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Solution to the simple task on algorithm complexity

alekseiberezkin profile image Aleksei Berezkin ・2 min read

So here is the solution. I repeat questions for easy reading

Let me introduce you The Very Bad Fibonacci Implementation:

function fib(n) {
    if (n <= 1) {
        return 1
    }
    return fib(n - 2) + fib(n - 1)
}

The first question is very simple:

Q1. What's wrong with this implementation and how to fix it?

Answer

The implementation recalculates one number multiple times making a lot of unnecessary work. More efficient implementation is just a simple for-loop:

function betterFib(n) {
    let r1 = 1;
    let r2 = 1;
    for (let i = 2; i <= n; i++) {
        const _r2 = r2;
        r2 = += r1;
        r1 = _r2;
    }
    return r2;
}

It's not “functionally pure”, it doesn't look like nicely translated math formula. But it works fast!

Q2. What's it complexity in terms of Big O? How to estimate and prove it?

Answer

It's exponential. However, it doesn't look like precisely O(2n)O(2^n) because not every call produces 2 recursive calls, and that's because “left” recursive call fib(n - 2) reaches the recursion base faster than the “right” one. Let's try to sketch an invocation tree:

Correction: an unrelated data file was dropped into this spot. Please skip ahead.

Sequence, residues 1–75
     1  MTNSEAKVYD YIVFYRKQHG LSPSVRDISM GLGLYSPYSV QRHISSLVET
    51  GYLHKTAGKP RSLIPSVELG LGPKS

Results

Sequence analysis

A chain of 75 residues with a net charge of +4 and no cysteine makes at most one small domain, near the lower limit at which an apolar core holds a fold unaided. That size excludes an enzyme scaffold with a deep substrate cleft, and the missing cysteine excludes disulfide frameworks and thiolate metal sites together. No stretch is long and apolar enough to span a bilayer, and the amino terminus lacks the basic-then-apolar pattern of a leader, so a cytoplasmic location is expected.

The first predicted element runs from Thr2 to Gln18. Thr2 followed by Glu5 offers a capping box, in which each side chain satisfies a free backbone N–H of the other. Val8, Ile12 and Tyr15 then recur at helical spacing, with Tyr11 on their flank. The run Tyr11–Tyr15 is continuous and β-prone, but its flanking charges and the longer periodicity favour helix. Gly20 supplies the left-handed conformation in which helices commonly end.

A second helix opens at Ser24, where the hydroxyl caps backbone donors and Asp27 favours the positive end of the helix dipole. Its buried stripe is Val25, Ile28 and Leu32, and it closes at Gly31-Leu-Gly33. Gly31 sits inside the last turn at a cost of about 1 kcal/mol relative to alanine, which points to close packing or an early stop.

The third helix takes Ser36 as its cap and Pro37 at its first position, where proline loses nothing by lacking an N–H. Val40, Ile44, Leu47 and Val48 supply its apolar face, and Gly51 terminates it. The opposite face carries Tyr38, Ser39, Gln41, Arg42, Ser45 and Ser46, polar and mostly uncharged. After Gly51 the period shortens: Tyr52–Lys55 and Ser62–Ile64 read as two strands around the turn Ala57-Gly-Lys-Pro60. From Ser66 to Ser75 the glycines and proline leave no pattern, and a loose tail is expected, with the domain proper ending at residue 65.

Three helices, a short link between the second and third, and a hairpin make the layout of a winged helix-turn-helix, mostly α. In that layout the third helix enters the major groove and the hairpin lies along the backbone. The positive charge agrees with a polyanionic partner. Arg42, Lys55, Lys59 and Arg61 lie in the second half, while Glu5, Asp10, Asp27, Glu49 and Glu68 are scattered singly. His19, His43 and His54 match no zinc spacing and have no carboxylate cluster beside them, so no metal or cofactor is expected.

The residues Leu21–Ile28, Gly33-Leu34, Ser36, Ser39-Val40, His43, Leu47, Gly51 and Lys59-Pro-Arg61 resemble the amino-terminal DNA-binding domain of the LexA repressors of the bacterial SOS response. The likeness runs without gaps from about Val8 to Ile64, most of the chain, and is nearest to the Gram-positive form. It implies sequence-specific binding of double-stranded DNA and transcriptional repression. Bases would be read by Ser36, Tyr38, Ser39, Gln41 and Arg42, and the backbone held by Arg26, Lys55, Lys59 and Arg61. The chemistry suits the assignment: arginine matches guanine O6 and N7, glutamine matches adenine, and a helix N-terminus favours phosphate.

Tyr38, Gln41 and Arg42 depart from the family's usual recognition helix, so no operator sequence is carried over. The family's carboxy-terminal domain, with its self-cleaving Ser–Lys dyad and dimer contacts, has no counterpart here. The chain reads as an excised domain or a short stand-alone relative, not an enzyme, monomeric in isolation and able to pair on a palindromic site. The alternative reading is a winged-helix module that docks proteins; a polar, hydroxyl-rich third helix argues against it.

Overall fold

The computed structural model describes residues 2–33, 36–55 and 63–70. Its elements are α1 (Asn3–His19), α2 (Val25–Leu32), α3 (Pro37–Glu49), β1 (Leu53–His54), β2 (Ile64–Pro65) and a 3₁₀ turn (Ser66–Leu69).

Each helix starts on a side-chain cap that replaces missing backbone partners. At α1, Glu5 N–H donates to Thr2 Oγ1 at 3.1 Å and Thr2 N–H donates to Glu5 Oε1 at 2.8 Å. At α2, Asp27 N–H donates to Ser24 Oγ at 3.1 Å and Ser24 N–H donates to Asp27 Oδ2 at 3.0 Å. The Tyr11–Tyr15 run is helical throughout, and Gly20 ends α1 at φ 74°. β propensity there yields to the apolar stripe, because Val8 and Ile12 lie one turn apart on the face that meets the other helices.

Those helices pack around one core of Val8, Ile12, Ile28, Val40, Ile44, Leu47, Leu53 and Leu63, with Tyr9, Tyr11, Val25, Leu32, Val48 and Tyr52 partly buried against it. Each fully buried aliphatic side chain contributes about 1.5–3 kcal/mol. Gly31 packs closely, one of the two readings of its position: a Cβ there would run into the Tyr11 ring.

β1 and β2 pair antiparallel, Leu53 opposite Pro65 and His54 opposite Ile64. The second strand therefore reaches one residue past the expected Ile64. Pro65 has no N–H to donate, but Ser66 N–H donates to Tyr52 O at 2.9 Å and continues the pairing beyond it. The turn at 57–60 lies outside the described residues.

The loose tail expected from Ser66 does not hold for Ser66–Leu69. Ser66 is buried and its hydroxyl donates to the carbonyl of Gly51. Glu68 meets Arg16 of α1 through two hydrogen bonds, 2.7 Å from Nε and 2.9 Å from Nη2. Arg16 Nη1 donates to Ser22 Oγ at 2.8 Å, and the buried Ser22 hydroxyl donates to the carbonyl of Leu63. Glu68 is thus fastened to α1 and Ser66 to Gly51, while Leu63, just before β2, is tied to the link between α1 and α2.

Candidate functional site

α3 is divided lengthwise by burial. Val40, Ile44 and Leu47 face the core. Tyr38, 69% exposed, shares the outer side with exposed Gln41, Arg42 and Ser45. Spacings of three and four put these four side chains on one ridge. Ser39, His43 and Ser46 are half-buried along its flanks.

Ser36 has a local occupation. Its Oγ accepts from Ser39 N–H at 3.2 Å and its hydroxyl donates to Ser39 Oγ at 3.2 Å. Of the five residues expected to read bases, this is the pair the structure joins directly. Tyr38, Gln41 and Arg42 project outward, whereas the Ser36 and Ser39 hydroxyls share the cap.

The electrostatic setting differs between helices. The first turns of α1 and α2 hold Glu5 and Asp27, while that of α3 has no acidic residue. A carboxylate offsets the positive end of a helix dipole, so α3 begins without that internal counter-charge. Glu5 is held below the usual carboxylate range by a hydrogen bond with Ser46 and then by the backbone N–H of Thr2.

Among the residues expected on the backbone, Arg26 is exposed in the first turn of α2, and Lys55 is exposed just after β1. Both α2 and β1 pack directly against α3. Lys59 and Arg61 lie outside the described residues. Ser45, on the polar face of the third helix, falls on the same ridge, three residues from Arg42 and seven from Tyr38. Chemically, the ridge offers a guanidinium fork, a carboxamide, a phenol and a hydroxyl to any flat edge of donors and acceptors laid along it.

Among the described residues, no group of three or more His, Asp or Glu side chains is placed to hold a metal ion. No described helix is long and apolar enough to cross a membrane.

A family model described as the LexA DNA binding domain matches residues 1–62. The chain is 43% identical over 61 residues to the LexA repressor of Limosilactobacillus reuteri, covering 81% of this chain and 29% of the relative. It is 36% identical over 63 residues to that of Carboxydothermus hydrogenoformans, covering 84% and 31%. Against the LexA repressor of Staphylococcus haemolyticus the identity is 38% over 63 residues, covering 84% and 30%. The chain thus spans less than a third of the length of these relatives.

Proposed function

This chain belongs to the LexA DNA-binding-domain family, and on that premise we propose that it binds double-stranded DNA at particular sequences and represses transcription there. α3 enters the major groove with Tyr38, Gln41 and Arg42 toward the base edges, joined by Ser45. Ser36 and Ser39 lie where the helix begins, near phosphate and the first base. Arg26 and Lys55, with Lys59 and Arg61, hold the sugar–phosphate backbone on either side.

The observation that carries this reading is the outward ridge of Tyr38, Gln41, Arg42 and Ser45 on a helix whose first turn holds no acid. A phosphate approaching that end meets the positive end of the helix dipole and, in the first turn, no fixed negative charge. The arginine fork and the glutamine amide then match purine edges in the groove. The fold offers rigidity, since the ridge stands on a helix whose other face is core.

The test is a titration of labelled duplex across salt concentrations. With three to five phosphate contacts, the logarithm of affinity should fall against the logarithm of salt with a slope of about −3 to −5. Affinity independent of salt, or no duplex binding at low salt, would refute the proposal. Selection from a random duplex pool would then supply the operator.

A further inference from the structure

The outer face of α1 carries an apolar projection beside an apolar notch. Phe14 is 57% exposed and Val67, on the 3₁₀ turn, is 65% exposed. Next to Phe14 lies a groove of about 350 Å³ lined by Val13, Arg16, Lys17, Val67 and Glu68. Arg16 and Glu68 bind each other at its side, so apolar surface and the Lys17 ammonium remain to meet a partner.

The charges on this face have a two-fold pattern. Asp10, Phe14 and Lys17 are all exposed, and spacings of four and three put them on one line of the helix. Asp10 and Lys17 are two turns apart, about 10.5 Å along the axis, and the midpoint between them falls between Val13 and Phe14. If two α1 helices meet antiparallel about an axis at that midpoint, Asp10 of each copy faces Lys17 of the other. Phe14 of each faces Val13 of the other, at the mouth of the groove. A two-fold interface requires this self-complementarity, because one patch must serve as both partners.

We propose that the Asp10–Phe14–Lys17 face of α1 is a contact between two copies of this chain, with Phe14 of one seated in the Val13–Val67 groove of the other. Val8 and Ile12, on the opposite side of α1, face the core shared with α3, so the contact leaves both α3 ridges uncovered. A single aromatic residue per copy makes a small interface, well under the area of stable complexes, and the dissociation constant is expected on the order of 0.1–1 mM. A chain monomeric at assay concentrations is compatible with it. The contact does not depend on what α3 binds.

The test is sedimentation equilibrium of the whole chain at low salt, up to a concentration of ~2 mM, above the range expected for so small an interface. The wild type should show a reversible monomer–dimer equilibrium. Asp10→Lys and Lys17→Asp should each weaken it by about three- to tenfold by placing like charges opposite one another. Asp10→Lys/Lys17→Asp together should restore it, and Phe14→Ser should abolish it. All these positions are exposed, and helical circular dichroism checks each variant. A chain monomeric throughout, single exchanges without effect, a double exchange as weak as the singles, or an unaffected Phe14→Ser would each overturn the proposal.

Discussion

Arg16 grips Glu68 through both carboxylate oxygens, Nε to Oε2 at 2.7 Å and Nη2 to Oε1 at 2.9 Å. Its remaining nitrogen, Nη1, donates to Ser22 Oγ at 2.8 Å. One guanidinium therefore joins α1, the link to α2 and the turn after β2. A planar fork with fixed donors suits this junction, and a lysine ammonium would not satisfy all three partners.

Invocation tree

drawn with Sketchpad

It looks like some fancy figure with exponential non-equal sides 😄 And the task is equivalent to calculating its “area”. I'm not sure there's an easy way to calculate it accurately, however, it's possible to estimate its bounds!

  • If sides were equal, and the figure height was equal to that of the left side of the original figure, the resulting area would be the order of O(2n/2)O(2^{n/2})
  • If sides were equal, and the figure height was equal to that of the right side of the original figure, the resulting area would be the order of O(2n)O(2^n)

And that's the answer! The complexity xx of the original function fib is within an interval:

O(2n/2)<x<O(2n)O(2^{n/2}) < x < O(2^n)

Thanks for reading this solution. Double thanks if you've read the post with the problem statement. Triple thanks if you've given it a try! If you find this kind of stuff interesting please consider leaving some feedback, so I will continue to publish short and fun programming exercises. Thanks 🙏

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